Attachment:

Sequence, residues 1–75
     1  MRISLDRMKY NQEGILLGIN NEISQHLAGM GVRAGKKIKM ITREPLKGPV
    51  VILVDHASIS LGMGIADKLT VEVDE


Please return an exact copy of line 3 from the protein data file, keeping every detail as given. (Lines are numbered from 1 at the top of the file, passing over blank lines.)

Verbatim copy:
    51  VILVDHASIS LGMGIADKLT VEVDE